Updated news on the Gambino, Genovese, Bonanno, Lucchese and Colombo Organized Crime Families of New York City.

Thursday, March 24, 2011

Al Bruno murder trial witnesses shed light on last moments of chronic convict Gary Westerman's life

Chronic convict Gary D. Westerman showed up to a tiny house in Agawam, Mass., in the dark on Nov. 4, 2003, with a stun gun and a ski mask, expecting to rob the homeowners of marijuana and cash with frequent partners in crime.
Instead, Westerman's remains, along with his nonlethal weapon and the mask, were discovered nearly seven years later on the grounds of that house by a team of FBI agents and state police, according to testimony in an ongoing mob murder trial in a federal court in New York. A medical examiner on Wednesday testified Westerman had a bullet hole in the center of his skull, a bullet lodged in his jaw and a gunshot wound to his upper right arm, in addition to blunt trauma to his cheekbones, nose and eyes.
gary westerman.JPGGary Westerman
The testimony shed new light on the grisly final moments for Westerman, a drug-dealer, tractor-trailer truck thief and low-level organized crime associate who previously had seemed to disappear without a trace. Law enforcement officials only began digging for his remains in a wooded area at 160 Springfield St. in Agawam after Mafia turncoat Anthony J. Arillotta led them there in 2010, according to an FBI agent, with a covert entourage of investigators - many of whom had wondered for years what had happened to Westerman.
Standing trial are two of Westerman's accused killers - his onetime friends Fotios "Freddy" Geas, of West Springfield, Mass., and younger brother Ty Geas, of Westfield, Mass. The brothers allegedly shot Westerman several times and dumped him in a makeshift grave on the property after luring him to the home under the guise of a potential "score." They, along with reputed New York mob captain Arthur "Artie" Nigro, also are charged with the 2003 murder of crime boss Adolfo "Big Al" Bruno and a string of other offenses. Nigro is not accused in connection with Westerman's slaying.
The Geas brothers have denied involvement in the Westerman murder and any of the crimes charged in a sweeping racketeering indictment. Their denials come despite direct testimony from Arillotta, who told jurors he and fellow gangster Emilio Fusco, an Italian-born Genovese crime family associate from Longmeadow, Mass., aided in Westerman’s slaughter by bludgeoning him with shovels after the Geases shot him several times.
Fusco is charged in the case but fled to Italy before his arrest. He is awaiting extradition.
Arillotta told jurors that the Geases wanted to kill Westerman because they believed – correctly – he was a police informant. Westerman also became Arillotta’s brother-in-law when he married his sister, 30 years his junior, enraging her family. Massachusetts State Police Capt. Peter Higgins on Wednesday testified that Westerman first approached him on the investigator's regular jogging route in 1996, while Westerman had a pending case with Freddy Geas, hoping to trade information for a shorter sentence.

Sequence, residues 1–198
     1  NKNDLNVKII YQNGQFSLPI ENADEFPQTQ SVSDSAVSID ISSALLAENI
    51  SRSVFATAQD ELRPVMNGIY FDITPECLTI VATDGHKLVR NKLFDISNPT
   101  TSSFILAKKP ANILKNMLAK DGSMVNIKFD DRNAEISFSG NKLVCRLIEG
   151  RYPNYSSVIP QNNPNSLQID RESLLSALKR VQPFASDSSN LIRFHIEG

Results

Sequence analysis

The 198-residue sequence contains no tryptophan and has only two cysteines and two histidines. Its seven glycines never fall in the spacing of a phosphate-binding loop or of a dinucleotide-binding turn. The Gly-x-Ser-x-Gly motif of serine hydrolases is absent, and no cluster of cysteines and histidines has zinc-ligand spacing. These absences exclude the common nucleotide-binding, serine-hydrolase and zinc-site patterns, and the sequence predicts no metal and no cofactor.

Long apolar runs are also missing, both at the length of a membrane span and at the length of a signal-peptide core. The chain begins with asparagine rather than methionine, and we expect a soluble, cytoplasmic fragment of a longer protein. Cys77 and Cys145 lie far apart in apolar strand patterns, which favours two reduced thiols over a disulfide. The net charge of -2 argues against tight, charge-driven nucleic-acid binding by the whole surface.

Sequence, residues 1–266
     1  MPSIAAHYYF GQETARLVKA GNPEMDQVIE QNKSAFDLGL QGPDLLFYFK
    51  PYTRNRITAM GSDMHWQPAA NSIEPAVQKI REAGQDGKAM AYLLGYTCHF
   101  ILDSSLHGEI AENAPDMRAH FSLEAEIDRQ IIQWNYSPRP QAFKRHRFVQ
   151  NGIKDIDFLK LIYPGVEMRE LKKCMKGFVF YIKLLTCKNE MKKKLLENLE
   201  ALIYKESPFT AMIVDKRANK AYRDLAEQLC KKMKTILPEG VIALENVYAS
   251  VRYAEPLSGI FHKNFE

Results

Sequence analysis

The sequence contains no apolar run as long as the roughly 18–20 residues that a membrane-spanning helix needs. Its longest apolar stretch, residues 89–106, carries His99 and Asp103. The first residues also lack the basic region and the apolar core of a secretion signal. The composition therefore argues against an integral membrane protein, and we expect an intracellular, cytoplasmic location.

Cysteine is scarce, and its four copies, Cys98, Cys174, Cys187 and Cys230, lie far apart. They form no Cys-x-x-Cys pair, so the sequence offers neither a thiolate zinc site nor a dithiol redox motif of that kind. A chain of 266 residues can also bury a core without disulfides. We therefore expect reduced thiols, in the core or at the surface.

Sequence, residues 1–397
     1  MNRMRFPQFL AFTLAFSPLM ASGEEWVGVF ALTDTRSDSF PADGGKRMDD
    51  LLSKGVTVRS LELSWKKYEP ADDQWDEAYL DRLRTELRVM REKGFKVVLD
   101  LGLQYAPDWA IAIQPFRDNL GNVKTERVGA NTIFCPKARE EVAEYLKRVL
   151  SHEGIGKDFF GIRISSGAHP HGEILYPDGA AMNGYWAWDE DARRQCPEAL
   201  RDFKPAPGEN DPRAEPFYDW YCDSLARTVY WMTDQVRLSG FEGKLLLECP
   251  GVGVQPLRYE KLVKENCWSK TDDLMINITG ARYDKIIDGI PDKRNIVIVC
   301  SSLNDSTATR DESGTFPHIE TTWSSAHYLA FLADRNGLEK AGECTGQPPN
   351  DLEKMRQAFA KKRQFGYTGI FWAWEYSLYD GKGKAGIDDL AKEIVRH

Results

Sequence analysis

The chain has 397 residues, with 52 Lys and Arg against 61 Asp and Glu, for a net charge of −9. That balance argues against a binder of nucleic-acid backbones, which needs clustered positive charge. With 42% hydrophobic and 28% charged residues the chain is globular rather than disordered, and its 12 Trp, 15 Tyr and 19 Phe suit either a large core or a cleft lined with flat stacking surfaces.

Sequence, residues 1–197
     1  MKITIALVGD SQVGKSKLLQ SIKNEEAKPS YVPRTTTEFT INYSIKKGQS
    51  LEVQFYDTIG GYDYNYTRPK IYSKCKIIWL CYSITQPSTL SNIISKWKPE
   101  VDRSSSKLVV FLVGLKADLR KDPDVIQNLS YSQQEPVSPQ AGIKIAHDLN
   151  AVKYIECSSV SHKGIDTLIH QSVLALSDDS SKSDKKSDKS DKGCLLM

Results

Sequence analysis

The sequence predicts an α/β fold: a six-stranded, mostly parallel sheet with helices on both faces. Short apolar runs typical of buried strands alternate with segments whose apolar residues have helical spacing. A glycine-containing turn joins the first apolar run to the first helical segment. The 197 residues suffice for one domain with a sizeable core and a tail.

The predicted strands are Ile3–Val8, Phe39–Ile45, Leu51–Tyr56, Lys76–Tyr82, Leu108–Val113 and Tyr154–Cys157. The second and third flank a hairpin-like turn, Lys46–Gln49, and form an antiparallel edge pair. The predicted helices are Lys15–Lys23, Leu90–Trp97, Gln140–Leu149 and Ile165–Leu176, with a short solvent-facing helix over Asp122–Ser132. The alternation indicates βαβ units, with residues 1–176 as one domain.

Westerman violated his cooperation agreement with the state police by getting caught passing bad checks the following year; he went back to prison for half a decade, Higgins testified. When he was released in 2003, he approached Higgins again and began informing on the Geases and other organized crime figures in Greater Springfield.
Then, he disappeared.
Boston FBI agent April Haddock told jurors on Wednesday that Arillotta led them to the Agawam property last April after he decided to turn informant. He pointed out where Westerman had collapsed, and the general area at the mouth of the woods where they dragged him to an eight-foot deep hole Arillotta said he and the Geases had carved out months before for another intended victim.
"Agents escorted him to the location. He explained what took place and walked us around the location and explained to us where the probable burial site was," Haddock testified, adding that a team of 32 evidence recovery experts from the FBI probed a slightly depressed area of the ground about 150 feet away from the house, uncovering an empty cigarette pack, shell casings and Westerman's remains, including his sneakers and the mask and stun gun.
Photos in evidence from the dig showed Westerman's skeleton was curled up in a sort of fetal position when they unearthed his bones.
Meanwhile, the dig at the Agawam property was prompting a flurry of nervous calls between Ty Geas, who had not yet been arrested in the case, and Freddy Geas, who was charged with the Bruno murder but not in connection with the Westerman matter, and was behind bars without bail pending trial.
The two incredulously and cryptically wondered if Arillotta had indeed flipped, according to the recorded calls in early April. And, the dialogue became more pointed when the two discussed media reports that investigators were digging in Agawam.
“As it looks now, my days are short here,” Ty Geas is heard telling his brother on April 10, 2010, with Freddy Geas later asking: “You see that broken English guy again?” apparently referring to Fusco, who speaks English with a heavy Italian accent.
Freddy Geas added little more to the conversation, other than “Awwww, [expletive].”



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